That’s what a typical pulmonologist makes, without the added years of specialization. And it’s an extra $100,000 for the average family practitioner – for the same number of hours.

Of course, it takes investment in technology and training to capture that kind of remote patient list. You need to actively pursue this business, think outside the box.

Speaking of the “box,” other innovative practice models might support the compensation environment that makes a doctor wealthy.

Quite a few younger physicians are exploring concierge or direct subscription approaches that can easily generate $300,000 a year or more while leaving time open for pro bono appointments.

Others are going straight to direct employee relationships where the hospital picks up the overhead and the MD simply practices medicine and cashes a paycheck.

Throughout the industry, non-clinical work – teaching, R&D, even administration – remains a tempting avenue for those simply looking for that paycheck.

Tighten the private practice

Even conventional private practices can survive and thrive.

At this point a full 1 in 4 physicians already participate in the Accountable Care Organizations (ACOs) established in Obamacare as a way to share the rewards of cutting Medicare treatment costs.

They’re not exactly looking forward to earning big incentives any time soon, but the simple possibility of adding value to Medicare relationships seems to be making that slice of the patient landscape more bearable.

Close to 40% of physicians have eliminated or curtailed the number of Medicare patients they see. With close to half of the overall industry’s patient load coming from that payment environment, the math implies that Medicare dominates the day for just about all of the rest of you.

Very, very few ACOs are making money here yet.

But as HMOs and other big providers look to roll up capacity into their own ACOs, private practitioners could sell themselves into an employee relationship, effectively earning a big recruiting bonus for serving the same patient load they do now.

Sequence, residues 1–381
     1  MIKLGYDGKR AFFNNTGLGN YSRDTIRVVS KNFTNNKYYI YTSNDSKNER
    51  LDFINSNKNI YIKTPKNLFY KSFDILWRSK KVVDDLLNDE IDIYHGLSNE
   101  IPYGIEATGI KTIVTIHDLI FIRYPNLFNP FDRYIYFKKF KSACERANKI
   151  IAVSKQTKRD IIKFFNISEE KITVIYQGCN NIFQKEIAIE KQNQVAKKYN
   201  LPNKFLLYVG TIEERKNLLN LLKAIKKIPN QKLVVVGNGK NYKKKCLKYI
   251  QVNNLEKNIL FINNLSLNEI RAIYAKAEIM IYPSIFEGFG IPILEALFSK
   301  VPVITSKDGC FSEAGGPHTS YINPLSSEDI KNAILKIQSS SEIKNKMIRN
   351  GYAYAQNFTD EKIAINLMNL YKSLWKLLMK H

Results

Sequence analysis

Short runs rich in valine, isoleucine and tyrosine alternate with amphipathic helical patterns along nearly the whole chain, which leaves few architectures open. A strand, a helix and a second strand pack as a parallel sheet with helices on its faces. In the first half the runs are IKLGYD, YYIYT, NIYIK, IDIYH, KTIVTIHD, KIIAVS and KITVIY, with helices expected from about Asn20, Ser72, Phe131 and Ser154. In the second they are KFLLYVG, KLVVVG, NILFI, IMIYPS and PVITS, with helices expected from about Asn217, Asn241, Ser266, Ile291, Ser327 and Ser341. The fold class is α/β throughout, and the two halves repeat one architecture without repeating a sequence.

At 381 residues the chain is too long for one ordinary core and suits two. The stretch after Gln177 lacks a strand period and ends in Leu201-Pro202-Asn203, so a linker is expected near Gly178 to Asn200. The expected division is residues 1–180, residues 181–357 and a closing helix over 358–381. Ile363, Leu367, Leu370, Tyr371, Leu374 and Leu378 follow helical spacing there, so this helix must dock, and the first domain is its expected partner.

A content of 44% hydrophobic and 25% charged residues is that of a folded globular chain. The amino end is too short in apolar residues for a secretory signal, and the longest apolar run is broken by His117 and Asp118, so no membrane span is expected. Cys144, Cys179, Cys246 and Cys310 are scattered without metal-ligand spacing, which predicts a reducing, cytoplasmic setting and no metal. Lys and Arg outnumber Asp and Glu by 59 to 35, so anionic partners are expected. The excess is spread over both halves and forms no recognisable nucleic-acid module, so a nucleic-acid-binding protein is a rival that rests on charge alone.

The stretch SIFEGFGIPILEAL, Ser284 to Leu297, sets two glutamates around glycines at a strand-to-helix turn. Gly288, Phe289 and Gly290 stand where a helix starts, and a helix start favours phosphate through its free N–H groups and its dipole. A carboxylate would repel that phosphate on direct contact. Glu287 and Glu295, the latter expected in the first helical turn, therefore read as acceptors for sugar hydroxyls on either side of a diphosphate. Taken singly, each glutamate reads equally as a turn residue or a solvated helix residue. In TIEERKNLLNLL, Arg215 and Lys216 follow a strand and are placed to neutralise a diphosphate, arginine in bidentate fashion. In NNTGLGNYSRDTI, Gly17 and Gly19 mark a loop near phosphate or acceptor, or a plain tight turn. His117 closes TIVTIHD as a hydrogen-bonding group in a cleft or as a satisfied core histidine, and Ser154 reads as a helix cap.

In theory, the networks operate more efficiently and throw better technology at problems of professional capacity. You know how well that works in reality, but the motive at least is sound.

The network exists to let doctors practice medicine and delegate the work of running a sustainable business to outside staff and administrators.

With most MDs spending about 40 hours a week seeing patients and another 10 doing paperwork, it’s clear that offloading the paperwork could boost practice revenue by 20%, which goes a long way toward hitting a lot of professional financial goals.

Let staff do the filing and coding as much as you can. If you don’t want the money, you can actually take the time off.

Will a New Mood in Washington Keep Wealthy Doctors from Extinction? - overview

Summary: Medicine as a profit-seeking enterprise was under existential pressure before the Affordable Care Act. Even if you want it repealed, the pressure won’t go away. It’s time doctors who want to make money and keep their sanity to evolve with the times.

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Scott Martin
Scott Martin

Senior Editor | Scott is occasionally considered “the greatest secret in the wealth management business,” having tracked developments since 2001 for publications like Research, Buyside and Institutional Investor. An advocate for the trust industry, he has testified to the Nevada Senate Committee on Commerce, Labor and Energy on issues of national competition.